12 Feb RENEWABLES & RENEWABLE ENERGY: A SUSTAINABILITY GUIDE
Renewable energy comes from natural sources or processes that are constantly replenished. Offerings would encompass sunlight, wind, rain, tides, waves and geothermal heat. The renewable resources harnessing these flows of energy are constantly renewed in a short timeframe. They are virtually inexhaustible, unlike rapidly depleting non-renewable sources like coal, natural gas and oil.
Harnessing renewables to produce energy also creates virtually zero global warming emissions and air pollutants. It helps mitigate climate change and improves public health compared to fossil fuel energy plants. As clean alternatives, they help countries achieve energy security, resilience and independence goals as well reduce reliance on imported fuels. For these environmental, economic and social benefits, governments aim to maximize their renewable portfolios.
The main types of renewable energy are solar, wind, hydropower, biomass and geothermal. Solar panels convert sunlight into electricity. Arrays of wind turbines in wind farms harness the kinetic energy of wind to spin large blades connected to power generators. Hydropower utilizes water flows to spin turbines, often behind dams. Biomass includes harvested wood, municipal waste, landfill gases and plant materials to produce electricity or transportation fuels. Geothermal taps heat from under the earth’s surface to generate steam to drive turbines. Ocean renewable technologies also harness thermal, wave or tidal energy.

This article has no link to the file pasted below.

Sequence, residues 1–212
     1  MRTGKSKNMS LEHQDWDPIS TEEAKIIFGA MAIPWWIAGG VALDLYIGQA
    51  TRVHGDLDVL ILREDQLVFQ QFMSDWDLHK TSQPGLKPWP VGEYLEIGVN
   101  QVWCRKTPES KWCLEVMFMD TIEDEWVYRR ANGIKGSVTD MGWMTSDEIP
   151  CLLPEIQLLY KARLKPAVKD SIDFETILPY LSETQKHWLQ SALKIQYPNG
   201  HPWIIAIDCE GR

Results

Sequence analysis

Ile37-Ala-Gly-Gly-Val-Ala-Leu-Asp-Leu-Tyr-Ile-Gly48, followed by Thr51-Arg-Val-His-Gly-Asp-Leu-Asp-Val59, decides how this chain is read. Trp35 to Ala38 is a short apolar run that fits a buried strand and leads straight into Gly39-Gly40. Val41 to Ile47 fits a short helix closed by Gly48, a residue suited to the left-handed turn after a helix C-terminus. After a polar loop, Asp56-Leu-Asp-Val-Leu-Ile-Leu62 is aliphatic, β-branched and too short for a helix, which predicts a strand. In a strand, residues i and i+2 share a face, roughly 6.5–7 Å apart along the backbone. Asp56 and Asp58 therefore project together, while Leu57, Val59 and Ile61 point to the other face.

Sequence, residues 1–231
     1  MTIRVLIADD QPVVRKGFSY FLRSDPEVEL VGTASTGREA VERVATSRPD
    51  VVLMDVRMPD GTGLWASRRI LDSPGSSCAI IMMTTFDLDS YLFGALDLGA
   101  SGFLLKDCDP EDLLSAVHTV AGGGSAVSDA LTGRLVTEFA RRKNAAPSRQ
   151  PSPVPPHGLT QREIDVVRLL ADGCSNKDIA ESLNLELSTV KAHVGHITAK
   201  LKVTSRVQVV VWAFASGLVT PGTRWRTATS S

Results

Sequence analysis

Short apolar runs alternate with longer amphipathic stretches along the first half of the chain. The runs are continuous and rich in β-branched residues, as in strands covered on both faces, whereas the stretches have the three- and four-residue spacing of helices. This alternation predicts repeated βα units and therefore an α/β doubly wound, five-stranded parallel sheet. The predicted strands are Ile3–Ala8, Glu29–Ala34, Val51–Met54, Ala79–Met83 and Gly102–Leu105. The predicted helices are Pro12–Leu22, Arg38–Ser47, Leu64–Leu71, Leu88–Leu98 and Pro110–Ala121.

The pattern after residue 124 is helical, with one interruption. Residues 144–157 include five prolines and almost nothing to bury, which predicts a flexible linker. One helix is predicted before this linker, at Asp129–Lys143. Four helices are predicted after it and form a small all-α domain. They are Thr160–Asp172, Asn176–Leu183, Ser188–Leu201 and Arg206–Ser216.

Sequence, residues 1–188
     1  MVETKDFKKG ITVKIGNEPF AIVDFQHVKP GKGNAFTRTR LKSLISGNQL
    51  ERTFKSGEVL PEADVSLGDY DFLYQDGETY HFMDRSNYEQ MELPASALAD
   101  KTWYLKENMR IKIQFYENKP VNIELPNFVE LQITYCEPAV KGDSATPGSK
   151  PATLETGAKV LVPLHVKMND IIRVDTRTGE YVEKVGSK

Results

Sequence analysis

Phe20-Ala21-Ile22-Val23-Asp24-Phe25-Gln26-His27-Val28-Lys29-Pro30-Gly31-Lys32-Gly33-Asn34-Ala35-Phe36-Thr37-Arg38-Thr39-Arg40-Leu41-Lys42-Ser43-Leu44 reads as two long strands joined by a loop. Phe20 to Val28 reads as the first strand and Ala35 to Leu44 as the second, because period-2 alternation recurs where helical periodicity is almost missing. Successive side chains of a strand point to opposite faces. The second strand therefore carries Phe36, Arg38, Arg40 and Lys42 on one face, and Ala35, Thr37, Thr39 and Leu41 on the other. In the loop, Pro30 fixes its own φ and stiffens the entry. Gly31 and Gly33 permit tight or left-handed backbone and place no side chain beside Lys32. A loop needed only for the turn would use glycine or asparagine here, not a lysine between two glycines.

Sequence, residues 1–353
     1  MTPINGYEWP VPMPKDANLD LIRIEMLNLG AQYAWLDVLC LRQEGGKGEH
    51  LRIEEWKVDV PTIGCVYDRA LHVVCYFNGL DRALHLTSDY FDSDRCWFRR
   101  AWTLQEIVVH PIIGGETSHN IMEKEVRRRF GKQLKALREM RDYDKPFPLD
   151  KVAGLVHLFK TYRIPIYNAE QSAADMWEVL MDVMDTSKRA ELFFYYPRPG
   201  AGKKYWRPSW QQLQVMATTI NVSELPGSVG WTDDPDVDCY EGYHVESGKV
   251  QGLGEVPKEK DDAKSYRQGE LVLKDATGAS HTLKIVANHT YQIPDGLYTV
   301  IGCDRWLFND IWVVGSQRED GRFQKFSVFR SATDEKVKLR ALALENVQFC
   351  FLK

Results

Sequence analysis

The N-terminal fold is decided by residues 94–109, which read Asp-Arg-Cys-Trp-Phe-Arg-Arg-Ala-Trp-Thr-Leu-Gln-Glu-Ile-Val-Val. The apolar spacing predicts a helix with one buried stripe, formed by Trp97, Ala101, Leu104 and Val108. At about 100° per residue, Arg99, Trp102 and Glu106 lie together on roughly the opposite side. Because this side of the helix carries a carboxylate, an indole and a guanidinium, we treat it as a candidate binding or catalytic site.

Besides the obvious renewables like wind mills and solar panels, renewables also include “green” hydrogen produced from water by electrolysis and then used for fuel or energy storage. Batteries, synthetic gas and biomass converted to fuels are also classed as renewables since they utilize sustainable inputs.
Most renewables generate power very differently from traditional, centralized electricity plants relying on steam turbines. They utilize modular technologies that pair well with decentralized grids and intermittent energy flows. Combined with efficiency gains, technological improvements and various storage methods to compensate for variability, very high renewable penetration on decarbonized grids is possible today.
Rapid growth, falling technology costs, increased private and public investment, and a supportive regulatory environment have positioned renewables as central to the global transition toward sustainable energy. Continued expansion of renewables promises to provide inexpensive, reliable and clean energy across the world.